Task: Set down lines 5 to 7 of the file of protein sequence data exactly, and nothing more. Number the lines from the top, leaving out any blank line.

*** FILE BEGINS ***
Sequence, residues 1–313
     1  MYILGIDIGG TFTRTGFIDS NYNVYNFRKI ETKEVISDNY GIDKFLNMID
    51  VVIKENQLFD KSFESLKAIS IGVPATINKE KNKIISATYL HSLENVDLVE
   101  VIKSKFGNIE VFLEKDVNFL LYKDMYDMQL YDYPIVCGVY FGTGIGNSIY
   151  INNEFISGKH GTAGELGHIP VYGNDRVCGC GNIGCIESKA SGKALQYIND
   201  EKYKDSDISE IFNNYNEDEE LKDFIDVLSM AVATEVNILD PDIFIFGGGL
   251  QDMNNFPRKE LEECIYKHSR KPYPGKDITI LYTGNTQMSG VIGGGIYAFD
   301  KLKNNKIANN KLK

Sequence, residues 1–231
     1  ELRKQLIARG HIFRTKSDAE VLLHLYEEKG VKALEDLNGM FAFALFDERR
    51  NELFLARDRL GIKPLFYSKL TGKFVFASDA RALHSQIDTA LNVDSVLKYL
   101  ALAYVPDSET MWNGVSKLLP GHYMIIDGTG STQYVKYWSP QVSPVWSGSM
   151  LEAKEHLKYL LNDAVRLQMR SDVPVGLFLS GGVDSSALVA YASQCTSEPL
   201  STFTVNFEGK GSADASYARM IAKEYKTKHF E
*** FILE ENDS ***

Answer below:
   151  INNEFISGKH GTAGELGHIP VYGNDRVCGC GNIGCIESKA SGKALQYIND
   201  EKYKDSDISE IFNNYNEDEE LKDFIDVLSM AVATEVNILD PDIFIFGGGL
   251  QDMNNFPRKE LEECIYKHSR KPYPGKDITI LYTGNTQMSG VIGGGIYAFD